Spike Up Music

There's good news and bad news about this next item, as I heard it in person and on the resulting disc. Recorded at the Laurie Beechman Theater on 42nd Street in February, the set Starfish and Coffee is named for a song by the artist formerly known as Prince. The artist currently known as the more-pop-than-cabaret singer Jasper Kump is somewhat different from the artist who won me over with his debut album and his early New York in-person shows. He's stretching musically and, well, sometimes the stretch marks show. Reggae? Soul? Rock? It's certainly a mix. The repertoire is songs he loves from his own CD collection, as he says over (and over again) in his rambling, gushing and repetitive patter which might well have been edited for CD. Most of the talk is tracked separately or put at the ends of tracks, so it's fairly easy to bypass.

The raw material of the original versions doesn't always do Jasper a favor or suit his persona. Not all have the dramatic potential or structural variety that might make for more engaging listening. "A Long Walk" by Jill Scott is simply long and melodically tedious; several of the numbers start off promisingly enough and then just become purely repetitious, too often staying earthbound. On the bright side, a successful sense of intimacy comes through on the first sections of Seal's "Love's Divine" and Howard Jones' "What Is Love," their simpler beginnings more winning and convincing than their development. There's some attempt to pump things up throughout the CD in the playing by versatile pianist Ray Fellman (who did many of the arrangements), bass player Lou Tucci and drummer Steve Singer.

But what's good is really good and just makes the rest seem frustrating in comparison. Fresh spins on childhood favorites work: "Won't You Be My Neighbor?" and "Bein' Green." Jasper's one show tune choice, "Can't You Just See Yourself" (High Button Shoes) is upbeat and jazzy. Most interesting of all is the disc debut of Jasper Kump as a songwriter, with two contrasting and promising samples. "Hey Jesus" is a touching plea with real vulnerability and then he shows his humorous side with a bonus studio track, "Bitter, Party of One."

I much prefer Jasper's charming and energetic debut album from 2005, Sunday in New York. It showed him off better - letting him more fully and consistently use his real skills at conveying more complex emotions. It also found him singing with bursts of joy and optimism, both in shorter supply here. However, his likability and love for entertaining definitely come through, especially because of the live setting.

Finishing up our pet sounds, we don't have three little pigs but a Wolfe that purrs prettily rather than growls or huffs and puffs.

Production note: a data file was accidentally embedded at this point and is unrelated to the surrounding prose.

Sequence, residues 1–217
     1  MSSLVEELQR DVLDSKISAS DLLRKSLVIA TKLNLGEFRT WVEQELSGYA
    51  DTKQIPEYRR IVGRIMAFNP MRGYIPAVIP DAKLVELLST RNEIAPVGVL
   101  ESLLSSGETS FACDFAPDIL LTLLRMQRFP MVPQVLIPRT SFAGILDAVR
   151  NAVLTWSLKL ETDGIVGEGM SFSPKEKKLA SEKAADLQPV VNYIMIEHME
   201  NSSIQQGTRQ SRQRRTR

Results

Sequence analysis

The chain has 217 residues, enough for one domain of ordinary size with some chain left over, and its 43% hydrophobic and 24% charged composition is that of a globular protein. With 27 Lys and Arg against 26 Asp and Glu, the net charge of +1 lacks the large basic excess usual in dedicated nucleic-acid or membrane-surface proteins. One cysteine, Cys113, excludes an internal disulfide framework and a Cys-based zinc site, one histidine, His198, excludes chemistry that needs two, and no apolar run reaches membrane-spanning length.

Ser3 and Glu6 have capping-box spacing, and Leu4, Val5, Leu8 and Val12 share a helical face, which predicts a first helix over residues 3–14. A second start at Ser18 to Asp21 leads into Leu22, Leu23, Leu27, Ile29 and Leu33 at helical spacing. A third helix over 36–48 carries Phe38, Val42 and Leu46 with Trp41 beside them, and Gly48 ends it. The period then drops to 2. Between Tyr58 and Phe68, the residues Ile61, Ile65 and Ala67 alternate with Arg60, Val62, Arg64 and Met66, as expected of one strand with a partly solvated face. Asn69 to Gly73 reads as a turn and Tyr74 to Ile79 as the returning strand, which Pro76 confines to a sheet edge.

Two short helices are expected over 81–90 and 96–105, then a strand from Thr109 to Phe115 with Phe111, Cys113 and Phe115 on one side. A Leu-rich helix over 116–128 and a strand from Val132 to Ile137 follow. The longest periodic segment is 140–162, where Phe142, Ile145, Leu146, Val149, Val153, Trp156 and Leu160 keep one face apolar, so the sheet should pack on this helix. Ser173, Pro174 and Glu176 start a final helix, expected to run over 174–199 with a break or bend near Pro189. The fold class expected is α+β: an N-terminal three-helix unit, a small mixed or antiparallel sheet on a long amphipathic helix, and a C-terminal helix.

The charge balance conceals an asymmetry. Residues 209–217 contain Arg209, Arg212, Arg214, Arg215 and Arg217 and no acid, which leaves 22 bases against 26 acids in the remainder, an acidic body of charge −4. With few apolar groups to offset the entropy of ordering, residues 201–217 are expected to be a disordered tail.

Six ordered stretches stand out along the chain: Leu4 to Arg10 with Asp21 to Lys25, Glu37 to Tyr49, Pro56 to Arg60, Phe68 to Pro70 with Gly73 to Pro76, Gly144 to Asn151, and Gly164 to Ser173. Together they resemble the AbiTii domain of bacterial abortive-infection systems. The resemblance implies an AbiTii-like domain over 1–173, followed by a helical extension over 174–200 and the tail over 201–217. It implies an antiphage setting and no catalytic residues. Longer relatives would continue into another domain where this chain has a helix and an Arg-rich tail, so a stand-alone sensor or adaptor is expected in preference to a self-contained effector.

Sounding generally confident for a young woman on her debut album, Laura Wolfe could be a real contender. Her first album is a winner. Taking on a dozen old standards, she sings them with zip on the up-tempo numbers and wistfulness on the ballads. She's very well supported by a quartet led by pianist/ arranger Ron Snyder. He provides some interesting touches like incorporating strains of "These Foolish Things (Remind Me of You)" in the vocal of "Where Can I Without You?" and doing the same with a bit of "Moonglow" in the sultry-smooth "East of the Sun (and West of the Moon)" that also features tasty flute work by Damon Zick, who is on sax elsewhere.

Occasionally, Laura seems too obviously careful with the way she attacks a phrase where it could be smoother or just more relaxed. There are some high notes that she seems to back off from, not hitting them with as much strength as would be ideal. However, she generally has a very good handle on the melodies and sense of the lyrics, as demonstrated in her lovely a capella first few lines of "My One and Only Love." Another strength is avoiding melodrama, for even though she sings with real passion it's thoughtful consideration of situations that comes across, rather than wallowing in puddles of emotion. This is especially true in "I Got It Bad and That Ain't Good." Her phrasing is quite fresh in the very often recorded and performed classics.

Laura wins points for often including the neglected verses to these great old songs. The California-based singer, with some experience in cabaret, theatre and dance, is someone I'd like to hear more from soon. She sounds invested in the material, projects intelligence, and has a very attractive sound.

As the year winds down, and the Christmas songs fill the air, I haven't quite gotten through all the stacks and tracks ... but am thinking back on the year and the task of picking the top CDs in cast albums and vocals we list each January.

- Rob Lester